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Steer clear of the beer before Stratford's new Julius Caesar
Prospective visitors to the Royal Shakespeare Company’s new production of Julius Caesar, which I review enthusiastically today on our arts pages, are advised to stay out of the Dirty Duck beforehand — or, at any rate, steer clear of the beer. Unusually for a work of its length, the play is performed without an interval. That means legs crossed for two hours and 15 minutes for anyone who starts out in need of a loo.
The decision to dispense with a break rests with the director, in this case Gregory Doran. I hope this is not a taste of what is to come when he takes control of the whole company as artistic director later in the year. Mr Doran certainly has ‘form’ in this area. His 1999 Macbeth at the Swan Theatre, featuring his partner Antony Sher as the murderous monarch, was the first production of this play I recall being performed straight through. It set the trend for many I have experienced without interval since.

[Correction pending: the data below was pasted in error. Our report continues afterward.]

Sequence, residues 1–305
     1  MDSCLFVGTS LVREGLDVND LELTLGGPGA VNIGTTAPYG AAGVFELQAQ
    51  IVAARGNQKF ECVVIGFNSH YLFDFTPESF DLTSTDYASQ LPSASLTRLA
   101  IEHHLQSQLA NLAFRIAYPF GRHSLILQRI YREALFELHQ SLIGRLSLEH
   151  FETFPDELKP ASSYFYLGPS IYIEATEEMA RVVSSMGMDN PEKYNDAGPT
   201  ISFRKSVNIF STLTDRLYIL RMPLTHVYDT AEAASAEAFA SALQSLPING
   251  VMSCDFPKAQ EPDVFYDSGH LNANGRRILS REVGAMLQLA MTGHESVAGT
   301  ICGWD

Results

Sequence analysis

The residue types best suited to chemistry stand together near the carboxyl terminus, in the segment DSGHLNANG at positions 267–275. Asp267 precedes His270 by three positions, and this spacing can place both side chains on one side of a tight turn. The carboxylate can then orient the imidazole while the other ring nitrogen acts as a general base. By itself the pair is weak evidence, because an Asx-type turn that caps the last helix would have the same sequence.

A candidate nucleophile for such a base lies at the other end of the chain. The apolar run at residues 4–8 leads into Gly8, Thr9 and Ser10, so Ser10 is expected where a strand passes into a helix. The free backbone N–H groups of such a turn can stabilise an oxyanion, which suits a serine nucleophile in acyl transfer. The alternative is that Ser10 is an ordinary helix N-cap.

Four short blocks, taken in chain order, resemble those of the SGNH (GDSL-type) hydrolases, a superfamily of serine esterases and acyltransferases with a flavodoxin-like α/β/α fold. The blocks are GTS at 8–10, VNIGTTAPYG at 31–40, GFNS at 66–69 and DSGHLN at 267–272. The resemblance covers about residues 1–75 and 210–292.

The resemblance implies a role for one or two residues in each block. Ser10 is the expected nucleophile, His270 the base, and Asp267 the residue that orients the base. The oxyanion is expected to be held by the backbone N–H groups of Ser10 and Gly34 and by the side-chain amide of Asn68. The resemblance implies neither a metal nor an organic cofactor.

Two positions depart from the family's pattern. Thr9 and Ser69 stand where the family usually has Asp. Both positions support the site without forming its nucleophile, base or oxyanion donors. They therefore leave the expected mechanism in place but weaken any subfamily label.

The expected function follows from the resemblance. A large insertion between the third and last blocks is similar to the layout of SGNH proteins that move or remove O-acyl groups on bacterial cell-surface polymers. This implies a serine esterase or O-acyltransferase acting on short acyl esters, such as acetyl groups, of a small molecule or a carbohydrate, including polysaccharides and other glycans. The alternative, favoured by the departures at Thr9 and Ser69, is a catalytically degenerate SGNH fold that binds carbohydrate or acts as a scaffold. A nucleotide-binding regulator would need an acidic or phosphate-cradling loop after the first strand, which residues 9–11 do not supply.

For Charles Spencer, writing in the Daily Telegraph, it felt “weird and wonderful” to be out of Julius Caesar while it was still light. I cannot believe audiences will share his enthusiasm for a production that “hurtles along without an interval”.
An usher to whom I spoke on press night said so many people were walking out during the show — and not going back — that she suspected an interval might have to be introduced.
This would certainly seem fairer to the audience, not only allowing time for the loo and leg-stretching but also for a discussion over a drink of the production being watched.
In theatres less lavishly supported than the RST by the public purse, intervals have an important role, too, in stimulating income through bar takings.